I am taking my first shot at creating and tuning a PID for my software application. The PID I am creating is used to control the temperature of a "thing". The thing is heated by focusing a laser on it and changing the laser's output power in the range of ~0.1W to 1.0W. The temperature is then calculated and is in the range of ~100C to 1000C.

An example sentence/problem to refer to. I desire the temperature of my thing to be 600C, to start I set the laser's power to 0.5W, then measure a temperature of 500C, the PID is iterated and calculates a output signal of 0.6W (Assuming the PID parameters are tuned correctly).

// Is this the correct terminology?
???            = Laser power of 0.5W
Setpoint       = Desired temperature of 600C
Measured value = Measured temperature of 500C
Output         = Output signal of 0.6W

To test my PID implementation and parameters I have been allowing the PID to iterate and calculate an ouput signal, but I have NOT been allowing this signal to command the system ( In the example I have been calculating the output signal of 0.6W but not setting the laser power to 0.6W; it stays at a constant 0.5W ). This has somewhat worked to hone in on appropriate PID parameters but I think I need to put the PID "online".

Obviously my PID parameters, and maybe implementation, are not going to be correct until they are refined and tuned so I do not want to allow it to control the system for various types of concerns and safety issues it could cause. Is this ok to do? Does it make sense?

I think this is a flawed way to see if the output signal is correct because the Error and Integral from past iterations are going to reflect past commanded signals. The error/integral could continue to grow even though they shouldn't be?

EDIT: Rephrased. Will a PID always produce a sane output whether it is online or not?

  • $\begingroup$ Without putting the PID controller online, you won't really be able to see its performance. However, you should be able to do lots to sanity check it without putting it online: does it send the control signal in the right direction (hotter when it needs to be hotter, cooler when it needs to be cooler)? Does the error signal correct? If you "manually" set the laser to what the PID is telling you, does it do the right thing? $\endgroup$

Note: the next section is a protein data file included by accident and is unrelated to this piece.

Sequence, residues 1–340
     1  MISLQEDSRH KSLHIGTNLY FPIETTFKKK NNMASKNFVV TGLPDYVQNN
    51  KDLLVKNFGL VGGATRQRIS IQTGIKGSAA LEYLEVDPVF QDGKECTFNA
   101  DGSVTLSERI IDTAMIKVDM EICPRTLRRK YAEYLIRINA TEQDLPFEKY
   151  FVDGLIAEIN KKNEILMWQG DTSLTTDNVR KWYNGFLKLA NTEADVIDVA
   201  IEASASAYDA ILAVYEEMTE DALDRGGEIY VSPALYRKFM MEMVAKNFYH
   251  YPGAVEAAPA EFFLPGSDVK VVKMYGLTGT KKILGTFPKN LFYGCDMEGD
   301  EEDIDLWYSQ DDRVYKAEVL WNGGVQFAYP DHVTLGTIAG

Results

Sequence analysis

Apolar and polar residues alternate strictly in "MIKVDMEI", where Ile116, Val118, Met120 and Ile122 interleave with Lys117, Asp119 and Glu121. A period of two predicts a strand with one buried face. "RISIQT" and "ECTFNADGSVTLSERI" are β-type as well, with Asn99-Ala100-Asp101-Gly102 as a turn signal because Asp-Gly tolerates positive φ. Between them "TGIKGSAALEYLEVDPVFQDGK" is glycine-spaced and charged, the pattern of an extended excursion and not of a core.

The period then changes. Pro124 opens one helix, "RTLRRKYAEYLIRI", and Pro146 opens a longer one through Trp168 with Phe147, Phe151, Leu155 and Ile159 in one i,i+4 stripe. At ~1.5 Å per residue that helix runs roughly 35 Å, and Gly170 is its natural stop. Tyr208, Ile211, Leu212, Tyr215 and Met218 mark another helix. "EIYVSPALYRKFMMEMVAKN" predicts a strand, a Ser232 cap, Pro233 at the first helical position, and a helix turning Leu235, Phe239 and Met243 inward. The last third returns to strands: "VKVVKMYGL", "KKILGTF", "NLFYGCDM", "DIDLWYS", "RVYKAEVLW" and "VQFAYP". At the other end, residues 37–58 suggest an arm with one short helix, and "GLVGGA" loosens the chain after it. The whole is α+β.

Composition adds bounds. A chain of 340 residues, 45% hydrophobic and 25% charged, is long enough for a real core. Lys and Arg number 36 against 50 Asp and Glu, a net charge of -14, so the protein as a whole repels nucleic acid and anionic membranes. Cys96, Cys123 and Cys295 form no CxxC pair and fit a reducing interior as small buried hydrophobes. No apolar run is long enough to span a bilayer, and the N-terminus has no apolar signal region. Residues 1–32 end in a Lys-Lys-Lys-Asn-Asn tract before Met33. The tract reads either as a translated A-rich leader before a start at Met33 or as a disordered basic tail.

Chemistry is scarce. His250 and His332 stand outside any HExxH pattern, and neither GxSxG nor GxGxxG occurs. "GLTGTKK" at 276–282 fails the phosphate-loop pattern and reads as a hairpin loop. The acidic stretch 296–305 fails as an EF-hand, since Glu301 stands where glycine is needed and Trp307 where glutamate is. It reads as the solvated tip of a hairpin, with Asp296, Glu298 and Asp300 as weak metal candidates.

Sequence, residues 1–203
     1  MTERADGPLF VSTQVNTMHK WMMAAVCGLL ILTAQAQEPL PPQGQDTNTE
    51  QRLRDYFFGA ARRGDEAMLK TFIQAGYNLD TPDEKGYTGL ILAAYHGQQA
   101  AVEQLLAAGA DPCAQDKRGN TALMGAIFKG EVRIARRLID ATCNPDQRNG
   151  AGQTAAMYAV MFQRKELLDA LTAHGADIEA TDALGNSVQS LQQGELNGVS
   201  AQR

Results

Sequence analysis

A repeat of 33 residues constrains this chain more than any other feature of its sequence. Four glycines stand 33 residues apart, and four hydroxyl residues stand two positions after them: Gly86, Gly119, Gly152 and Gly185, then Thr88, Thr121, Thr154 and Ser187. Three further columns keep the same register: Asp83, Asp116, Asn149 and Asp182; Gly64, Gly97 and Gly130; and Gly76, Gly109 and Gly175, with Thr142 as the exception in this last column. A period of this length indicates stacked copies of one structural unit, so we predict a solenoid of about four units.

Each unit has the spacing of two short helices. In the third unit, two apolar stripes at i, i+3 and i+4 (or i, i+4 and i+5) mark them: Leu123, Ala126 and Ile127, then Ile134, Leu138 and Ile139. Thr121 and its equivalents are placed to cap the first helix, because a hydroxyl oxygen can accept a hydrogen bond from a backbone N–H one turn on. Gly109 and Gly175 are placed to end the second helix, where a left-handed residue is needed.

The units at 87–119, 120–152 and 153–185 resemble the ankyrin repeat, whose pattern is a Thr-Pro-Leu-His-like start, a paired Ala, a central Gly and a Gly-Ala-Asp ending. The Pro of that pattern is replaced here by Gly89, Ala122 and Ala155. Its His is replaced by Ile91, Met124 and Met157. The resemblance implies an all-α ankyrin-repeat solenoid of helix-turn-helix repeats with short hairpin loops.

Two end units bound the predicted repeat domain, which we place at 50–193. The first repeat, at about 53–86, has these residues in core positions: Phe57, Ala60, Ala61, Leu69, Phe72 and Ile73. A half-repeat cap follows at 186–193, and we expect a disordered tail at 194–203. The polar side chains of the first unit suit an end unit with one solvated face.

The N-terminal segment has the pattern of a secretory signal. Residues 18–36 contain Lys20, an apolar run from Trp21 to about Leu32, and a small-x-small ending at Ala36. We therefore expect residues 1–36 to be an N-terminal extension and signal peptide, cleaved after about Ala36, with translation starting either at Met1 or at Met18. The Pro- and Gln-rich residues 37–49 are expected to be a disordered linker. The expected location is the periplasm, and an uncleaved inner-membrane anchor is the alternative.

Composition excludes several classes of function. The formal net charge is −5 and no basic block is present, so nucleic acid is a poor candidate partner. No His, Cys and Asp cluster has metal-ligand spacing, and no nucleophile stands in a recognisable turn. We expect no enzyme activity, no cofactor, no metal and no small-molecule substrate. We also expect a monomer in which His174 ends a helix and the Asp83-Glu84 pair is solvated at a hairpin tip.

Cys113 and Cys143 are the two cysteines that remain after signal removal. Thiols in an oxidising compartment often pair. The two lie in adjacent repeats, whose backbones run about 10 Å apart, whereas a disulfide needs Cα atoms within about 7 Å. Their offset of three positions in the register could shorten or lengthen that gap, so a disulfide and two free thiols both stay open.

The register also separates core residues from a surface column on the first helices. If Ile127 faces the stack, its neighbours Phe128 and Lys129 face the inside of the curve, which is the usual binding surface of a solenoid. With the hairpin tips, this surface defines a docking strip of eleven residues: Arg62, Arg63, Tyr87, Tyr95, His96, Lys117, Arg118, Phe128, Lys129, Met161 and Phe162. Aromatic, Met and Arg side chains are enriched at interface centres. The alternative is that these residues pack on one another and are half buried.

– Peter K.
    Commented Jun 7, 2016 at 16:52
  • $\begingroup$ Yes that is how I have been using it so far, and it seems to be working for the most part. But I guess I am concerned what happens after the PID iterates many times without being online. Is the error and integral so far off that the output signal cannot be trusted? Or should the PID always create a sane output signal no matter if it controls the system or not? $\endgroup$
    – KDecker
    Commented Jun 7, 2016 at 16:54
  • $\begingroup$ Well, if the PID control output doesn't get responded too, the error will continue to grow. That's the problem with running it open loop. You may be able to "manually" change the laser's control input by using the value the PID tells you to see that things are a bit closer. Often, "hard limits" are used on safety-critical controllers to ensure they don't go ballistic... but that will depend on your application. $\endgroup$
    – Peter K.
    Commented Jun 7, 2016 at 17:18

1 Answer 1


The PID can be tested in an open-loop setup, however any integral gain <> 0 will cause the PID output to run away, so you are likely to hit clamping (like control voltage maxima) with your test rig.

What really matters and needs to be tuned is the closed-loop behaviour. This includes your plants behaviour. Stability is prime goal, maximum overshoot and settle time (to set-point change or disturbance) can be tuned.

If you cannot tune in the live system, modeling and simulation is the way to go (look for Simulink Control Design). You would typically start with an empirical plant model, tune your PID for it, then run the actual device with this PID but a set-point well below Tmax. Instrumentation will give you data to improve your plant model. Repeat this development cycle a few times until you are confident to increase to the actual set-point.


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